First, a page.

When California business owners face a dispute with a business partner, usually the last thing they want to do is take the dispute to court. In some cases, litigation is necessary to find a fair resolution. However, it is often expensive and time-consuming and draws a business owner’s attention away from their company.
If business owners strive to keep any sort of partnership disputes out of court – as well as preserve their business partnership – then they should ensure that both they and their partners are prepared to sit down together and listen to each other.
Listening is essential to resolve a partnership dispute
Reminding business owners about the importance of genuinely listening to their partner might not seem like a significant issue to many. However, it is often surprising how far active listening can go when it comes to a partnership dispute.
Business owners should schedule a time to meet with their business partners and have an honest and open discussion about the dispute. At this meeting, business owners should:
- Designate time for each partner to discuss their perspective;
- Address the issues and concerns regarding the dispute; and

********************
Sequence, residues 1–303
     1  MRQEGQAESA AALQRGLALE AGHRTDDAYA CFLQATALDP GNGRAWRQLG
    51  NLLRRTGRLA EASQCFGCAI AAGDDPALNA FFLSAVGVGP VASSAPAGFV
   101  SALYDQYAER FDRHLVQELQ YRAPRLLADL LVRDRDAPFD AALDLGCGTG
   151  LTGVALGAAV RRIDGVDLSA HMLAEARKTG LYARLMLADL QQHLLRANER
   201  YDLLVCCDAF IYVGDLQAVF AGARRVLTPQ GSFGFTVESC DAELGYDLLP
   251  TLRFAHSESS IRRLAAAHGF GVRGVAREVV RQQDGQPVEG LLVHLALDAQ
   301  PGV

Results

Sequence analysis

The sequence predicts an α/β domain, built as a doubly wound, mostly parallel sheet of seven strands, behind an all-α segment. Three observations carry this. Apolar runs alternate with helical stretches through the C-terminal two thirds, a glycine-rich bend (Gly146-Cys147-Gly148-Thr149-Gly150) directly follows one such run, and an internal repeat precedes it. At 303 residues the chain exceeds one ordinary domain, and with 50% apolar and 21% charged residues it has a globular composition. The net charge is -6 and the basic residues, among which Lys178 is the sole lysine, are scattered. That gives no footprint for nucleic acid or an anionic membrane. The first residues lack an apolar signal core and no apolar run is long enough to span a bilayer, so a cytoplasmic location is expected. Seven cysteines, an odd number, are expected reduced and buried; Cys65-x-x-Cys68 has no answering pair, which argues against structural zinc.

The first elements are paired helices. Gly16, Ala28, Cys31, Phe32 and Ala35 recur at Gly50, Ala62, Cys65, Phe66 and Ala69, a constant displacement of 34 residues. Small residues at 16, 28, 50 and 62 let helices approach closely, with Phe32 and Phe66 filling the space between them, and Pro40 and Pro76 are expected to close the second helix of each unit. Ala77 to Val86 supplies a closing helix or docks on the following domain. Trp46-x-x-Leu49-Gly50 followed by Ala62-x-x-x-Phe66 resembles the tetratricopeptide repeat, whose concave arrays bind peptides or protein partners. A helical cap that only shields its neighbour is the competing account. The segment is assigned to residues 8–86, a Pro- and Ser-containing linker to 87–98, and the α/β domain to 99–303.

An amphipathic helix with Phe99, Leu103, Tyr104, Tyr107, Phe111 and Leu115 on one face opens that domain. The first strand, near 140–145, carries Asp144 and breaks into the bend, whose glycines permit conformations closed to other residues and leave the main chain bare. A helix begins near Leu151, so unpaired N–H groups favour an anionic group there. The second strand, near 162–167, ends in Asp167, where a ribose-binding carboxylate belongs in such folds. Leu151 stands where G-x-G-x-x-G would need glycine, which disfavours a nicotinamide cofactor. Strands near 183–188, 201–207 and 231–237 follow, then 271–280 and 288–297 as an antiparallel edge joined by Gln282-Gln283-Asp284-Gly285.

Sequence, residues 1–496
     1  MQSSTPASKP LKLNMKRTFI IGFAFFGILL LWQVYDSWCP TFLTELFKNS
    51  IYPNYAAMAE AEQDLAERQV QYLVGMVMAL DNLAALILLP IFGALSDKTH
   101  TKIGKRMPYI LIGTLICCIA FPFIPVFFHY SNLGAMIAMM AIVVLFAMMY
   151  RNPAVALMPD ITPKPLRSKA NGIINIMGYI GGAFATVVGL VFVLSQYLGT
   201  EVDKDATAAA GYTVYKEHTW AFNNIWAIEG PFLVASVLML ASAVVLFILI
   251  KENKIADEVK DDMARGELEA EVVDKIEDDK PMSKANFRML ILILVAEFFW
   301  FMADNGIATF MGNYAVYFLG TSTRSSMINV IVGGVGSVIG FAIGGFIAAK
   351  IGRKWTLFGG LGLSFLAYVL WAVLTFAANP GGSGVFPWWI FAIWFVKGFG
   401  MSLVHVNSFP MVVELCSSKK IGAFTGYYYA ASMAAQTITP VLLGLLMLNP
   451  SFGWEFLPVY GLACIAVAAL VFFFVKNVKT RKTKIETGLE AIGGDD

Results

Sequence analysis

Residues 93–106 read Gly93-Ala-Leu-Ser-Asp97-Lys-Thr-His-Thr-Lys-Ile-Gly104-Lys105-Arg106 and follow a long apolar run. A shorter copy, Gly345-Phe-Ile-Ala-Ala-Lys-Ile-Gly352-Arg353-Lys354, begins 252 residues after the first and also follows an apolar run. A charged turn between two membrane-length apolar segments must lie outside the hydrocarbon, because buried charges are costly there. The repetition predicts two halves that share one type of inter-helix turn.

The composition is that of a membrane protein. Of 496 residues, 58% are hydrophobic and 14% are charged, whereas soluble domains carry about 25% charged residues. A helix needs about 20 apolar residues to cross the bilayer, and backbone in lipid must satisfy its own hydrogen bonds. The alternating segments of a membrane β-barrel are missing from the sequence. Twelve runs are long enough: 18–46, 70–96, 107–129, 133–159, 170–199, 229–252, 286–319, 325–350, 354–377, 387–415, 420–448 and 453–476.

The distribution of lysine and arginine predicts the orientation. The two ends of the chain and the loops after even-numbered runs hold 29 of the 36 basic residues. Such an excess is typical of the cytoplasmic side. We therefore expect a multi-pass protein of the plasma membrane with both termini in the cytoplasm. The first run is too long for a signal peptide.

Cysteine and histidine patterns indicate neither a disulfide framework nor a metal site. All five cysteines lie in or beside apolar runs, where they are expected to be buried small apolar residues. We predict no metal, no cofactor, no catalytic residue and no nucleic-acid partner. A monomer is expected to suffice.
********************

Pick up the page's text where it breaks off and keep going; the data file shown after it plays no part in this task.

- Concentrate only on the present issues before considering a solution.
This allows business partners to discuss the conflict in-depth, and negotiate in-house before taking any form of legal action. After all, it is essential to understand all the details of the dispute before creating a strategy for a solution.
It is often beneficial for business owners to address a meeting such as this in the dispute-resolution clause of their partnership agreement. That way, they ensure this is the first step they take when they face a dispute.
Note: Keep emotions out of the conversation
It can be difficult to keep emotions out of these kinds of disputes, especially since many business partners commonly have an established friendship outside of the business.
However, it is critical to set emotions aside and focus only on the business relationship and the business itself. Letting emotions cloud one’s judgment can impede one’s ability to listen and understand – which, in turn, can prevent business partners from reaching a solution.